About a minute later, I was still untwisting it, and realised I had untwisted it so much that I had twisted it in the opposite direction.

I cursed softly under my breath, and carefully unwound the wire until I realised it was going to happen again. At no point did the wire come free. I was baffled.

I do not know why cyclists bother with expensive chains and padlocks – all they need is to attach the bike to some railings using toy packaging-grade twisty wire.

Eventually, I realised the wire had been tied in a simple knot before being twisted and I was able to release the first doll. I imagine this is how Hillary felt upon reaching the summit of Everest.

I handed the doll to the small girl, who correctly remarked that it had taken me some time.

The next two dolls were released relatively easily. The twisty wire was no longer an obstacle, and the clear plastic strands holding the necks sinisterly in place were despatched with a snip of scissors.

But the last one, Sleeping Beauty, was to prove more tricky. Her twisty wire was around her waist, but I couldn’t see where, meaning she stayed resolutely attached to the cardboard. The only way I could remove the wire was to remove her dress.

I feel uncomfortable enough about removing clothes from a Barbie – which I am sometimes called upon to do – and she seems quite a game lass. But then I generally feel uncomfortable performing any sort of task about which another adult could reasonably ask: “What on earth are you doing?”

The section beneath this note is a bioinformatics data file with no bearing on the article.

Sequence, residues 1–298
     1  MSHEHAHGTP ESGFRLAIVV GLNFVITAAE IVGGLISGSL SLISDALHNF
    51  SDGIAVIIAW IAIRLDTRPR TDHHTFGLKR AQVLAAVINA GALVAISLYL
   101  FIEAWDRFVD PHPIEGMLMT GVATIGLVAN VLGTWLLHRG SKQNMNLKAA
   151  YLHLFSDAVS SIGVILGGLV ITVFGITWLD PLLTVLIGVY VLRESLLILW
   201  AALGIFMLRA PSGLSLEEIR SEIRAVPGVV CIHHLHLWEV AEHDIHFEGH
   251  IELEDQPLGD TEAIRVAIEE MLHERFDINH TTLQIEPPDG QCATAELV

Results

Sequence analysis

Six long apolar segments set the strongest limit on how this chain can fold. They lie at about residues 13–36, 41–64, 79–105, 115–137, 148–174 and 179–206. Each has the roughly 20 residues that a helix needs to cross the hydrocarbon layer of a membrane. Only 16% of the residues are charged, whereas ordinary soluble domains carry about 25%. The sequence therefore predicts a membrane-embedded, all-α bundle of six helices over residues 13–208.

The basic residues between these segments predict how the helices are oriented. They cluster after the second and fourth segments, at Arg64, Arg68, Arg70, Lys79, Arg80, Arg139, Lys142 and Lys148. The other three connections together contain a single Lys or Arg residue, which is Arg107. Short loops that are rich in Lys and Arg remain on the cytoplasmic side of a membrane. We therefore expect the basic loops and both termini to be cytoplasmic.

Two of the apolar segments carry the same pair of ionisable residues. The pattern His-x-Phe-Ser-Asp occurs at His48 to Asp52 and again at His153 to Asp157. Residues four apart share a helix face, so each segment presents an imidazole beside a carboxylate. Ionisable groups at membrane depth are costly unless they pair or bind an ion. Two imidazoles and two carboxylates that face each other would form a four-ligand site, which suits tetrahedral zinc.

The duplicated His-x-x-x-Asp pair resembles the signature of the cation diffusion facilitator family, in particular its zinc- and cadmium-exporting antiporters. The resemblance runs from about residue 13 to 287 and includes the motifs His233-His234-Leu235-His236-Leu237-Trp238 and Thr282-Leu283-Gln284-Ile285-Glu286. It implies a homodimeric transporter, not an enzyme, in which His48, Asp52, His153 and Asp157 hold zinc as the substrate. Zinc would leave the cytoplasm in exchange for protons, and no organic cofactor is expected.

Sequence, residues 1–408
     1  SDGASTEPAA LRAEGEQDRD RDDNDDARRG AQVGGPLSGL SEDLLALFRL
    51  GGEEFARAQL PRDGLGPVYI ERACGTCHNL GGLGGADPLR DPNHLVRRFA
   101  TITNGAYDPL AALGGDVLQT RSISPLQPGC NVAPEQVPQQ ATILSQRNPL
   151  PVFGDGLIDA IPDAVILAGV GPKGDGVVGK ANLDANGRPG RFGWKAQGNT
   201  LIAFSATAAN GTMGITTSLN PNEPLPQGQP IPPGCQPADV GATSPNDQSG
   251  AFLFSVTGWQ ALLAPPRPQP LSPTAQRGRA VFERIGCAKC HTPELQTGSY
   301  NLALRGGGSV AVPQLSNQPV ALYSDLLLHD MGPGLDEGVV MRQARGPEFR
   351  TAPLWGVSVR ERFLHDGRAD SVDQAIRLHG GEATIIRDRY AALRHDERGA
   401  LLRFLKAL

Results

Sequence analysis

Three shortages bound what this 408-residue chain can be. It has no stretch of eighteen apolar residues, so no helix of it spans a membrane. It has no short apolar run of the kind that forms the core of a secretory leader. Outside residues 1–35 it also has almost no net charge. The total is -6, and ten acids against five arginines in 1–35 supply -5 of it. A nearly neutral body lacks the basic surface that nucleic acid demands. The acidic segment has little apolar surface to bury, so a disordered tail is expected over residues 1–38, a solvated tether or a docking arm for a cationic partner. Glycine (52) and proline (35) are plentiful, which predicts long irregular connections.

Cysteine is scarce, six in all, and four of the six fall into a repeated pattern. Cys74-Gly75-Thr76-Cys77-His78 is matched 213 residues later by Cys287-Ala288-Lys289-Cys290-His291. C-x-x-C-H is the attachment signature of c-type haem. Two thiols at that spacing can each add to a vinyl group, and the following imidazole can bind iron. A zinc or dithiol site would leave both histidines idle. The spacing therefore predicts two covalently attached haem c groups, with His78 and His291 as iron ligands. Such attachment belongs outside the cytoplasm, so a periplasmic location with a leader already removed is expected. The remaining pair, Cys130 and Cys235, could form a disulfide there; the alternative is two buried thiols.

Anyway, it felt downright sordid doing it to a Disney Princess. Not even the prince had to do that to release Sleeping Beauty from her trap.

As I finished, the alarm on my phone went off, telling me it was time to get up. It had taken me half an hour from being given the box to handing over the last doll. It appears the children knew exactly what they were doing.

COLUMN: December 20, 2012

THE night rain splashed onto the pavement as the yellow cab pulled up outside the club. The reflection of its brake lights glowed an ominous crimson in the puddle, before being shattered by a shiny black boot, as the old man climbed out.

He stopped for a moment, his green-gloved hand resting on a fire hydrant, which was next to a Walk/Don’t Walk sign, which was next to a baseball player, who was next to a cowboy on a horse. Then he walked to the head of the queue and addressed the doorman.

“I’m here to see Red,” he said.

The doorman snorted and asked the old man’s name.

The old man answered, fixing the doorman with his steely blue eyes.

The doorman snorted again. Perhaps he had a cold. “Look, buddy, you ain’t coming in. I got a list, and your name ain’t on it…”

“Is that so?” said the old man, pulling the red fur-lined hood back off his face. “Well, I’ve got TWO lists. Your name’s on one of them. I could move it to the other…”